Can you change the perception of time? Please Discuss.

We all wish that we had more time, not only on a daily basis, but in life in general. We all find ourselves asking “where did the time go?”, or saying “time flies”. Last week, my younger son turned one – and I had those thoughts. But when I hear older people talk about their kids, who are in high school or grown up, and how time flies, it is a strange feeling. Sure, I look forward to spending some alone time with my wife, but am not trying to wish my life away.

The Shape of Time

As Gretchen Rubin noted, “The Days are Long, the Years are Short“. That is so true. Due to the theory of time perception, as we age, time seems to go faster. We don’t need studies to tell us that – at least I don’t. But, the question remains:

Can we slow down this perception?

I don’t know the answer to this question. Do you? What works for you, if anything? What would you like to try? Tell me about resources you have found helpful. the comments are open.

[Photo credit: Creative commons via Jeff McNeill
on Flickr.]

{ 10 comments… add one }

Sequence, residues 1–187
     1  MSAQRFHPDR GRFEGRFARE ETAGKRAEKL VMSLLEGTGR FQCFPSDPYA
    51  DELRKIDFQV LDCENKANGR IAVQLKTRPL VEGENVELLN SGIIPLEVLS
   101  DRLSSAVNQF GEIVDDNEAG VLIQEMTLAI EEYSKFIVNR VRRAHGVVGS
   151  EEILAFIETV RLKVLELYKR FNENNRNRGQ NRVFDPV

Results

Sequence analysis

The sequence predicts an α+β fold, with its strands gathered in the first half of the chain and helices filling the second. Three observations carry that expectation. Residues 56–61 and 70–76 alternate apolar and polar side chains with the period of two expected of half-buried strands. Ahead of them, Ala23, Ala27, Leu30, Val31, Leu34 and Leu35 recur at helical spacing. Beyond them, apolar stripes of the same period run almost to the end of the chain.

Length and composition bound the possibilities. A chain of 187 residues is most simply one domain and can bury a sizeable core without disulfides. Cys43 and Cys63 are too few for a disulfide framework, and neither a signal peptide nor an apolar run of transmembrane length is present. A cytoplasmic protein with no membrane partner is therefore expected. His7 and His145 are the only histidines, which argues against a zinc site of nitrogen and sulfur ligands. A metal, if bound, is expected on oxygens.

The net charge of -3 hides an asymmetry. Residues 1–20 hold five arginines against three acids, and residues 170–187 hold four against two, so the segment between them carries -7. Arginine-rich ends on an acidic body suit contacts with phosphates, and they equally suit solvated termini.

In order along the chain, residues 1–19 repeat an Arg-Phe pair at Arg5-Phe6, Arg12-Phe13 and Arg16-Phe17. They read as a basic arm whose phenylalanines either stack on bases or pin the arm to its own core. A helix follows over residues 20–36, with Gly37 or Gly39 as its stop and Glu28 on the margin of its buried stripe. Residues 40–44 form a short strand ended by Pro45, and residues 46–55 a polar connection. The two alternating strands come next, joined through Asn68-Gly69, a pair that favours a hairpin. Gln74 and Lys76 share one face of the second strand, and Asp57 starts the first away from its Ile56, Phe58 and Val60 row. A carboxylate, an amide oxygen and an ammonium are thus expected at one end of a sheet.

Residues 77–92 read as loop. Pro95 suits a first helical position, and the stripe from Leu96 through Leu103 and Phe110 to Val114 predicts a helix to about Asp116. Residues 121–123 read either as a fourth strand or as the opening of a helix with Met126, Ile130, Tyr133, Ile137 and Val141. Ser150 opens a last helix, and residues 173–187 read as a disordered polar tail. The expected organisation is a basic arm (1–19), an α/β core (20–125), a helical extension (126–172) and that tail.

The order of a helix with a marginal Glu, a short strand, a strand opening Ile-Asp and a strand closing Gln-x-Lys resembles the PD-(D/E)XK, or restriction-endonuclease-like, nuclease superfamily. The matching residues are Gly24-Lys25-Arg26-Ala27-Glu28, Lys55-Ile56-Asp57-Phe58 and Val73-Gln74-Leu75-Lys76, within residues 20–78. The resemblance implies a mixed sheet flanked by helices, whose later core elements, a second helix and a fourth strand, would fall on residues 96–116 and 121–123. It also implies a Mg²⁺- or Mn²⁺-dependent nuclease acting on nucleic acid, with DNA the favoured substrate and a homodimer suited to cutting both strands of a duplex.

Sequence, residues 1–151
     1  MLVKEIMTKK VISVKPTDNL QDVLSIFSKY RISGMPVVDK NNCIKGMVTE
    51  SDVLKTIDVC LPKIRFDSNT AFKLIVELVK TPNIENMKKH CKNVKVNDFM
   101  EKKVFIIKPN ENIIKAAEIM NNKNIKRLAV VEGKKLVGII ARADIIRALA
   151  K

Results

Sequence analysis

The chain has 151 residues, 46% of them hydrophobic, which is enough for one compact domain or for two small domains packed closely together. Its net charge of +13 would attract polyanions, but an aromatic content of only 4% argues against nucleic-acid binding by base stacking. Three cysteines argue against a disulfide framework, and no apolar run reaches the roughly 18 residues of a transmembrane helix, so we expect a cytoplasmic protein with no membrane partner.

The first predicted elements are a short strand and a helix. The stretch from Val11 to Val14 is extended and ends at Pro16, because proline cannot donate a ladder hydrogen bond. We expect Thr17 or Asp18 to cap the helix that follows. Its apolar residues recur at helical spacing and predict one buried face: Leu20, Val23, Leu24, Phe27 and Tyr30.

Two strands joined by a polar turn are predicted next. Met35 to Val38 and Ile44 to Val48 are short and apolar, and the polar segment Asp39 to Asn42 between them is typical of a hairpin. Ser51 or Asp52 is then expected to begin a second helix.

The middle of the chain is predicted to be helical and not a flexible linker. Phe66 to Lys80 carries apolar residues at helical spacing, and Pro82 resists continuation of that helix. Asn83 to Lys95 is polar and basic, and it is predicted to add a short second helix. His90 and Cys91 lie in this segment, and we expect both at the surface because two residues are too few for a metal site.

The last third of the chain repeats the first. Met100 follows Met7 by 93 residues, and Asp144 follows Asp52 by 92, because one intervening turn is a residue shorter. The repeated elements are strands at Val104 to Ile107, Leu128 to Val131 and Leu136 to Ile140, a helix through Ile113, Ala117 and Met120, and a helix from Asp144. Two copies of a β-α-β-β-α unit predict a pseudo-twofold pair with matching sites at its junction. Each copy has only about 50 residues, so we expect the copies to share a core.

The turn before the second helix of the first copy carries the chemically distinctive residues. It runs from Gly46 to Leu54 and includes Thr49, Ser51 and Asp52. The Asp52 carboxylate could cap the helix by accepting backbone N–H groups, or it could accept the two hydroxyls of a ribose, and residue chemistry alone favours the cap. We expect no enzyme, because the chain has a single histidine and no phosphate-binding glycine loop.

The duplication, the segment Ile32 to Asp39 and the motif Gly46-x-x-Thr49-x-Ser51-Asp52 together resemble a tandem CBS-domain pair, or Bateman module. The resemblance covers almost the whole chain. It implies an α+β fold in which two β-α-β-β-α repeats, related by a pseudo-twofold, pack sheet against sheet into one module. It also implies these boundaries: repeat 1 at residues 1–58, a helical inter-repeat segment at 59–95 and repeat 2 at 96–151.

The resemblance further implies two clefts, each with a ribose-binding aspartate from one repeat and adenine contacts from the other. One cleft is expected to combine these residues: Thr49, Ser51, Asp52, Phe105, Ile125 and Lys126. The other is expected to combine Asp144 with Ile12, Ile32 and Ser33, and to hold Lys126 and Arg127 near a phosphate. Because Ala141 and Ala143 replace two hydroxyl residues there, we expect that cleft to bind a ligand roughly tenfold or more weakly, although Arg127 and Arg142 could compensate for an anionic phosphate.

• Jon Rhodes April 13, 2013 at 7:49 am

    I remember an Einstein quote when explaining his law of relativity. It went like this…

    “Put your hand on a hot stove for a minute, and it seems like an hour. Sit with a pretty girl for an hour, and it seems like a minute. That’s relativity.”

    So in the moment when you are doing something pleasant, time flies quickly. However I have noticed that if you have had a busy and eventful year, although the days seem to go quick, the year seems to go slower.

    I think this is because you have more significant memories to attach to the year. A really boring year would seem like a few days as you would have very few memories to cling to.

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  • Patrick April 16, 2013 at 8:09 pm

    Jon, thanks for the comment. I think that is really interesting what you said about the year going slower. I will really have to think about that one and see if I feel the same way. I know that I have had some very busy/eventful years recently…